Uranium Shakedown: Mongolia and Russia Conspired Investors

Here is what you need to know about the Uranium Shakedown and How Mongolia and Russia conspired against western investors. This is a case of Khan Resources, which depicts how Mongolia captured uranium deposits from their rightful legal Canadian owner and transferred them to the control of Russian Government.

Russia's Prime Minister Vladimir Putin meets President of Mongolia Tsakhiagiin Elbegdorj
Russia’s Prime Minister Vladimir Putin meets President of Mongolia Tsakhiagiin Elbegdorj

And, as election day approaches, the Mongolian government is working to resolve this issue..

Table of Contents

Downfall of the Mongolia Economy

After years of failing to fulfill mining agreements with companies like Rio Tinto, the Mongolian government has suddenly begun settling down its conflicts with the promise of compensation and new projects.

The reason behind this is upcoming Elections. If you think America’s Democrats have a difficult time justifying their record, consider Chimed Saikhanbileg. Mongolia’s Prime Minister has presided over one of the world’s most dramatic falls in economic growth, from 17% five years ago to nearly zero currently.

Mongolian Government Entirely Responsible?

Of course, the government is not entirely responsible to be blamed for this. The main concern is that Mongolia’s economy is its dependence on China. Mongolia is more dependent on China than any other country on the planet. 90% of its exports go through the southern neighbor to China. With China’s slump, sales and prices for copper, coal, and other commodities have decreased.

However, many of Mongolia’s economic problems are self-inflicted. The government has sent global investors running with severely restrictive new rules that will take their assets. As a result, big collaborative mining projects stood to be idle.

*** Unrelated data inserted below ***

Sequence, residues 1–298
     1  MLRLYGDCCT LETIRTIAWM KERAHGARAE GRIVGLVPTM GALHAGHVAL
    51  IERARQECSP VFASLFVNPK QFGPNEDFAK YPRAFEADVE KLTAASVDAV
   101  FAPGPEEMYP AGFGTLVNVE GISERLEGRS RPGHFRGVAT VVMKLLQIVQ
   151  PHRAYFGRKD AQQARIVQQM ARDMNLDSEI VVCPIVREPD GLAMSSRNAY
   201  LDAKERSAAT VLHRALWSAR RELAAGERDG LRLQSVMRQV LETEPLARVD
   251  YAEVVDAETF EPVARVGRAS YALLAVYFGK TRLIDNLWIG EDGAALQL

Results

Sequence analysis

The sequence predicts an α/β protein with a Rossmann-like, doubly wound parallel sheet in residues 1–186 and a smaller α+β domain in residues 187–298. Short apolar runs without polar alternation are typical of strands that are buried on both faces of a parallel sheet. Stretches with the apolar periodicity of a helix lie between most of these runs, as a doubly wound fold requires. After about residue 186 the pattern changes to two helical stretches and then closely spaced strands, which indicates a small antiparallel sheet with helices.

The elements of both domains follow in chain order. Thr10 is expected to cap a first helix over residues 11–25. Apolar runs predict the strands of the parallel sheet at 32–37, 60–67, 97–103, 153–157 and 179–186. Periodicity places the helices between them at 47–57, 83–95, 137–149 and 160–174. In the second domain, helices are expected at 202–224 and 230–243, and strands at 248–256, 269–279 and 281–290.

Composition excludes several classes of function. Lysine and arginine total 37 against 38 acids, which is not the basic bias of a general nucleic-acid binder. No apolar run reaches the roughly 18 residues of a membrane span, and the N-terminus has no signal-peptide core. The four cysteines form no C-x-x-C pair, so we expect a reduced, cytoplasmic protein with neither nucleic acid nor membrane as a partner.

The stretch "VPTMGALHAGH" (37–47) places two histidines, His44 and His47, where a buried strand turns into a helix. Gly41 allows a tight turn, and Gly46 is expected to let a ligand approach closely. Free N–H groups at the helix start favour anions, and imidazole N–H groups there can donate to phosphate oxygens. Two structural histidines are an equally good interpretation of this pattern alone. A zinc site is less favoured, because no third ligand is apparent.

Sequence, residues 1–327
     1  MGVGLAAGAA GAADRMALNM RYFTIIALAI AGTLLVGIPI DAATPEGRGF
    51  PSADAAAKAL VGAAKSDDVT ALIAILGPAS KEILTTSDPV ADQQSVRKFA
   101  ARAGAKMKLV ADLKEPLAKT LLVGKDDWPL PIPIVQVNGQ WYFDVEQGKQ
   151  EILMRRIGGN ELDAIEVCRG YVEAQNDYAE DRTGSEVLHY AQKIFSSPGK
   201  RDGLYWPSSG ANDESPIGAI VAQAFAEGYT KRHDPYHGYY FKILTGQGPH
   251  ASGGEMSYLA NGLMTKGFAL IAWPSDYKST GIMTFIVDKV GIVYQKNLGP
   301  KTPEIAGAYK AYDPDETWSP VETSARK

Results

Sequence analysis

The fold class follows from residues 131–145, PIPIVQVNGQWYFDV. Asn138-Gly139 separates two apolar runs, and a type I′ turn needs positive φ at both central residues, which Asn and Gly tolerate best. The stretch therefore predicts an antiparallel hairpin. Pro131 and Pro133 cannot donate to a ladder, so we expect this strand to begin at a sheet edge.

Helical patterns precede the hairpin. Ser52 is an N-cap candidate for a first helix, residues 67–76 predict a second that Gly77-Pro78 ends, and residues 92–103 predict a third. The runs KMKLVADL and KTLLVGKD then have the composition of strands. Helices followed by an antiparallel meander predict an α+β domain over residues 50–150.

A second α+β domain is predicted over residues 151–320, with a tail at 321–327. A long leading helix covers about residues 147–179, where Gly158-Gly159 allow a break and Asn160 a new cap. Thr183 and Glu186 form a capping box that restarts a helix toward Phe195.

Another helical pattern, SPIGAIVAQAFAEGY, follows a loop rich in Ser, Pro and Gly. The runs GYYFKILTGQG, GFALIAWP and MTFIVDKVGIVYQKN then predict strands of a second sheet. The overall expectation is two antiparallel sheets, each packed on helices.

Mongolia is under the weight of disappointment from 3 million increasingly poor Mongols. So, the administration is now scrambling to patch up its ties for international investment.

After blocking out Rio Tinto in its bid for a larger share of copper and gold projects, the government secured an agreement in 2015.

The story of Khan Resources

A decade ago, everything was going well for Khan Resources. Khan Resources is a relatively small mining company in Mongolia, recognized in international mining circles as the country of opportunity.

Khan Resources received exploratory rights to mine uranium in Dornod, Mongolia’s easternmost aimag, or locations. Its 2005 licenses were extended for another three years in 2008. In 2007, Khan issued a feasibility study that revealed a significant uranium deposit, with a projected annual production rate of 2.9 million pounds of U3O8 and a mine life of more than 15 years.

Until the following year, when everything changed. Mongolia approved a new Nuclear Energy Law which identified uranium as a “strategic mineral,”. Under this law, government has control over Strategic minerals. And as Uranium is classified under the same head, this law gave the government retroactive control over all existing and prospective investment deals.

Russia’s Involvement

This should have raised red flags in Vancouver, the global mining industry’s juvenile democracy, which is prone to fits of nationalism and tribalism. Companies like as Khan Resources had every cause to be concerned about the new law’s ambiguity. They didn’t just have to keep an eye on the Mongolian administration.

Only months before the bill was passed, the national media disclosed that the country was being “courted” (really, targeted) by its uranium-hungry northern neighbor and creditor, Russia.

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[Image Credits: TheMoscowTimes]